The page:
US 3693142 A
The particular embodiment described herein as illustrative of one form of the invention utilizes a device for detecting the angular position and directional orientation of a housing within a wellbore and for generating a signal indicative of such information for transmission to the earth's surface.
Claims available in
Description (OCR text may contain errors)
v United States atent [151 3,693,142
Jones 51 Sept. 19, 1972  BOREHOLE ORIENTATION TOOL 3,137,077 6/ 1964 Rosenthal ..33/205 Inventor: Jack w. Jones 503 N. Central 3,478,839 11/1969 Zemanek, Jr ..340/18 pre y c a d Tex Lunde X 2,992,492 7/1961 Roussin ..33/205  Filed: Nov. 21, 1969 3,434,219 3/1969 Bowman ..33/205 [211 App! 879010 Primary Examiner-Richard A. Farley Assistant Examiner-H. A. Birmiel  US. Cl ..340/18 R, 33/205, 175/45, Attorney-George L. Church, Donald R. Johnson,
' 340/18 P, 340/18 CM Wilmer E. Corquodale, Jr. and John E. Holder  Int. Cl. ..G0lv 1/40  Field ofSearch.340/l8 CM, 18 P, 18 R; 175/45;  ABSTRACT 33/20 S The particular embodiment described herein as illustrative of one form of the invention utilizes a device  Reierences (Med for detecting the angular position and directional UNITED STATES NT orientation of a housing within a wellbore and for eneratin a si al indicative of such information for 2,317,632 4/1943 Miller ..33/205.5 E fransmissigon can surfam 3,400,464 9/1968 Karo] ..33/205 2,746,162 5/1956 Picard ..33/205 8 Claims, 4 Drawing Figures PULSE GENERATOR l3 I04 rose IOB PENDULUM PENDULUM l FLIP-FLOP I 107 GATE 14v-w PENDULUM 0PENDULUM 2 2 FLIPFLOP DATA DATA COUNTER a PROCESSING STORAGE UNIT PROCESSED DATA RECORDING PATENTEDSEP 19 I912 3.693; 142
SHEET 1 0F 2 PULSE I GENERATOR I3 :04 I06 L I08 PENDULUM d PENDULUM I3 I g lFLlP-FLOP g J [09 1o? GATE |6v /l2 4% L PENDULUM PENDULUM 2 2 FLIP-FLOP GATE 2 GYRO mm x FLIP-FLOP GATE 3 23% DATA DATA COUNTER a PROCESSING sToRAGE 24/ UNIT PROCESSED DATA FIG. 4
RECORDING INVENTOR JACK W. JONES AT TORNEY Pmmmssmmzz 3.693142 SHEET 2 BF 2 FIG. 2 F K3. 3
INVENTOR JACK W. JONES ATTORNE Y 1 BOREHOLE ORIENTATION TOOL BACKGROUND OF THE INVENTION This invention relates to a position sensing device and more particularly to an apparatus for sensing the position of an object and providing an electrical signal indicative of the attitude of such object. During the drilling of boreholes in the earth, it is often desirable to determine the attitude of the hole, not only at the bottom of the hole, but throughout its traverse of earth formations. It is for this reason that various apparatus and methods have been devised for making such determinations of borehole attitude. Normally such systems consist of apparatus for measuring the angular disposition of the hole with respect to some reference such as a horizontal reference plane, and in addition, means for determining the direction of the hole with respect to a reference such as Magnetic North. A typical apparatus for making such determinations of a borehole position consists of an instrument unit, including a compass or a gyro, together with an angular unit having a plumbob arrangement, and a photographic device of some sort for making a photographic recording of the instruments in the wellbore. In the past, these instruments have been run on wirelines or godeviled into the drill pipe where they are subsequently retrieved as in the latter case, by removing the drill pipe from the borehole. Upon retrieval of the instrument to the surface, the photographic equipment is removed and the exposed film record of the instrument recordings is then removed to a suitable location for developing the film. Thereafter, if calculations are to be made regarding the orientation of the borehole, such information derived from the film can then be utilized in computation equipment for making such determinations. In any event, the procedure outlined above is time consuming, and if decisions for continuing drilling or for making changes in the orientation of the well bore are required, then such decisions must be held in abeyance until the film is developed and computations can be made from the indicated parameters of the well borehole.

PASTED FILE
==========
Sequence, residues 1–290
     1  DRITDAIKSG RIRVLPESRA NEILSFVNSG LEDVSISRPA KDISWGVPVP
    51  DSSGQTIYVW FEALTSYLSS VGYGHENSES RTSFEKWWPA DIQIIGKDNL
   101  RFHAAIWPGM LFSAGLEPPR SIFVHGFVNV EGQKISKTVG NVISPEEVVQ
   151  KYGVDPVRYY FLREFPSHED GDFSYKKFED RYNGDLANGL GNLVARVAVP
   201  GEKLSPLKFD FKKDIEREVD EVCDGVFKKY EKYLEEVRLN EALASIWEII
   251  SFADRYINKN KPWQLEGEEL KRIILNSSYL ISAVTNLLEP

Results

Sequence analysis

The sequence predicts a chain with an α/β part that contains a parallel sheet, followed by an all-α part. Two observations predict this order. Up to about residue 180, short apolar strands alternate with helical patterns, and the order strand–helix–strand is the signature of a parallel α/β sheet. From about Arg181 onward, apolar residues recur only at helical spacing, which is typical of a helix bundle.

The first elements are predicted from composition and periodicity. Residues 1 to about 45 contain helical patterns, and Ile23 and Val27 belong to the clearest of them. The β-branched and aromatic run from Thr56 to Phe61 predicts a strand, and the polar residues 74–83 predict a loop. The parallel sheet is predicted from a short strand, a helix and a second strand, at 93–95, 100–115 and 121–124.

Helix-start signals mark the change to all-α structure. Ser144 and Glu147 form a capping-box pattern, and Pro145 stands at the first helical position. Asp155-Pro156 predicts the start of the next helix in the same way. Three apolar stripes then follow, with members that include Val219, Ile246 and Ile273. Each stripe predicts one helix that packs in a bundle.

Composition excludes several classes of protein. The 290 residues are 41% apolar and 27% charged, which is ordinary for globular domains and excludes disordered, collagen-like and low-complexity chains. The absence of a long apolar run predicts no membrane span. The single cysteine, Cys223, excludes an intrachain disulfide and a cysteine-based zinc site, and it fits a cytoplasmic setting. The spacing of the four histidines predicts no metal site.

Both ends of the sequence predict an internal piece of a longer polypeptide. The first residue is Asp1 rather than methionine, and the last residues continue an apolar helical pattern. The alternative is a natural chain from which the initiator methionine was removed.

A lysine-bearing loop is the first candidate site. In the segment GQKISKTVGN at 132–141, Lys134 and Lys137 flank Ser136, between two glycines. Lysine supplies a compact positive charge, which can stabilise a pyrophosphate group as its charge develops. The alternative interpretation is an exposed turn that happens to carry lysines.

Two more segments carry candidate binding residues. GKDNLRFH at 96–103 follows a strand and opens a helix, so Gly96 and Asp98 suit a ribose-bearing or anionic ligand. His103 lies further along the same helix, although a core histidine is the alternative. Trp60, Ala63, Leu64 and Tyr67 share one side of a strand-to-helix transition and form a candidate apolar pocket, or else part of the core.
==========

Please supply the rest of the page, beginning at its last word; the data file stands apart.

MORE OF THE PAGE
It is therefore an object of the prevent invention to provide a new and improved apparatus for determining the positional orientation of an object.
SUMMARY OF THE INVENTION With this and other objects in view, the present invention contemplates an instrument for use in a borehole within the earth for detecting and sending signals to the surface indicative of the orientation of the apparatus within the borehole.
The device may be comprised of separate units for detecting different parameters of orientation. The units are comprised of a scanning device and means actuable in response to the scanning device for sending a first signal to the surface indicative of the reference position on the apparatus relative to the apparatus housing. A second signal is sent to the surface and is indicative of the position of a member within the apparatus housing in turn which is determinative of a positional parameter of the housing within the borehole. The scanning means is time pulsed so that it may be determined, by counting such pulses between the first and second signals, what the angular difference is between the first and second signals. This angular difference may be translated into terms of degree of direction or degrees of angular deviation.
A complete understanding of this invention may be had by reference to the following detailed description, when considered in conjunction with the accompanying drawings illustrating embodiments thereof.